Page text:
April 21, 2011
Apple Profits Hampered By iPad Supplies
Having left its tenuous survival mode long behind, computer and cultural juggernaut Apple has become the envy of the technology world and does not make even the slightest of moves without thousands of eyes watching.
So what vexes this company as it releases yet another record-breaking earnings and profits statement? It could not make iPad tablets fast enough.
Many customers put off purchasing the original iPad for the second generation version, which became difficult to find in stores along with long waits with online orders as factories reached production limits for the device.
Apple COO Tim Cook told investors on a conference call that timing production lines to the transition from one model to the next is always difficult. He said the company has to make decisions "many, many weeks in advance."
iPad production is being expanded as quickly as possible without sacrificing quality. The company is expanding sales of the tablet to 13 more countries next week, bringing the total to 39.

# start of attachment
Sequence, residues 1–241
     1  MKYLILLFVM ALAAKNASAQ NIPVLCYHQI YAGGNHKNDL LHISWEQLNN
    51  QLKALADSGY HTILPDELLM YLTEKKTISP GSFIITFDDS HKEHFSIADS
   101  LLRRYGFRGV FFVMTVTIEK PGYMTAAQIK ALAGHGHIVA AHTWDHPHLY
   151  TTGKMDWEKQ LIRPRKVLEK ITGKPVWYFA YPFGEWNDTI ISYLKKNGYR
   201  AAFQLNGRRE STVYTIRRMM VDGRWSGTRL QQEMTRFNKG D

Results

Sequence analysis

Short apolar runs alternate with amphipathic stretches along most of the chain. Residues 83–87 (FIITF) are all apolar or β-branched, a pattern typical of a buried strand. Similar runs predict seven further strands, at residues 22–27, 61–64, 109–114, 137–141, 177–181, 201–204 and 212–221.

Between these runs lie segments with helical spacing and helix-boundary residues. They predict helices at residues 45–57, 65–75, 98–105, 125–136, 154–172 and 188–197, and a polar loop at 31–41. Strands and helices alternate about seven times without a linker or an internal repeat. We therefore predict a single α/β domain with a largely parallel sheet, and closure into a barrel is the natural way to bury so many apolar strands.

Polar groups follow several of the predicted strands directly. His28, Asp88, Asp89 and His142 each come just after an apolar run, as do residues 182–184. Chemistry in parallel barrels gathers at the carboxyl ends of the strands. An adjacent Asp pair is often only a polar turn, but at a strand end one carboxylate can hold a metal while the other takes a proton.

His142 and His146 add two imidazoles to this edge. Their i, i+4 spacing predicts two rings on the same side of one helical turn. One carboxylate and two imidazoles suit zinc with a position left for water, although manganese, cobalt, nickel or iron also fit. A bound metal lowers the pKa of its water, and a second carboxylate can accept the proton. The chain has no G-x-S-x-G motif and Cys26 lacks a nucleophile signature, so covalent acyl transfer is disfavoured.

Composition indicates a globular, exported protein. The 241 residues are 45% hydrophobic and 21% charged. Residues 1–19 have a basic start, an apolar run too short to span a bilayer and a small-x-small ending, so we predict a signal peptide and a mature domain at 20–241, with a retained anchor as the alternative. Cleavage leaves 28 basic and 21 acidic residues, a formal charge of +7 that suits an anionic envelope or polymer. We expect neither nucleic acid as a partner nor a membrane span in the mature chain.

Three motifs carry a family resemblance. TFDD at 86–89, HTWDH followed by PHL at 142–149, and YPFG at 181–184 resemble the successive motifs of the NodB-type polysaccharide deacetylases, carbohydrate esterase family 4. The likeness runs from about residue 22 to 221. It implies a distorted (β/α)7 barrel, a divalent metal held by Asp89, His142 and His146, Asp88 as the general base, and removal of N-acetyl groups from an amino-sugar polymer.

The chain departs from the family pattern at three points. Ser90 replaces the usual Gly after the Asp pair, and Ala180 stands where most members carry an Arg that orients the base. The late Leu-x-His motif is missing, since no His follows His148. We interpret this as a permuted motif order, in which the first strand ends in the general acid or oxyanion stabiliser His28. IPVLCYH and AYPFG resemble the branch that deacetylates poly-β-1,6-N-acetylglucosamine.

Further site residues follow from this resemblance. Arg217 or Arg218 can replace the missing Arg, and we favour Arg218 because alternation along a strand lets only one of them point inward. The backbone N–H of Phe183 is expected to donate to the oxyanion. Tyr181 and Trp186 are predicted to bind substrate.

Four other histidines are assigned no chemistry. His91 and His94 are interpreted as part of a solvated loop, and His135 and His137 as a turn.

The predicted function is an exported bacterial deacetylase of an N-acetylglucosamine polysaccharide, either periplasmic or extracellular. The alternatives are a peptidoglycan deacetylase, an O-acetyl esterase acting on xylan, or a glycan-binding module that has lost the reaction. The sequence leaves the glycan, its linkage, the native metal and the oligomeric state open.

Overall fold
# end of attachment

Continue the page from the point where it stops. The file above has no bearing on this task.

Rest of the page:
"I'm very confident that we can produce a very large number of iPads for the quarter," said Cook, who is known for deft management of supply chains and inventory. Electronics manufacturers of all kinds are struggling with supply disruptions for components from Japan, but Cook said there are no unsolvable problems for Apple in sight.
After launching only last April, the iPad has turned out to be the first really successful tablet computer. The company has sold a total of 19.5 million iPads through the latest quarter, AFP reports. Analysts now see it taking PC sales away from competitors.
Competing tablets running Android and Windows versions of software are being released from various other manufacturers but none have come close to matching the iPad's sales frenzy and positive reviews.
The other big subject of gossip and rumor is CEO Steve Jobs medical leave and how permanent that may be. The mercurial leader and corporate hero went on medical absence in January appointing Cook to run day-to-day operations of the company.
"We do see him on a regular basis and as we've previously said, he continues to be involved in major strategic decisions," Cook said.
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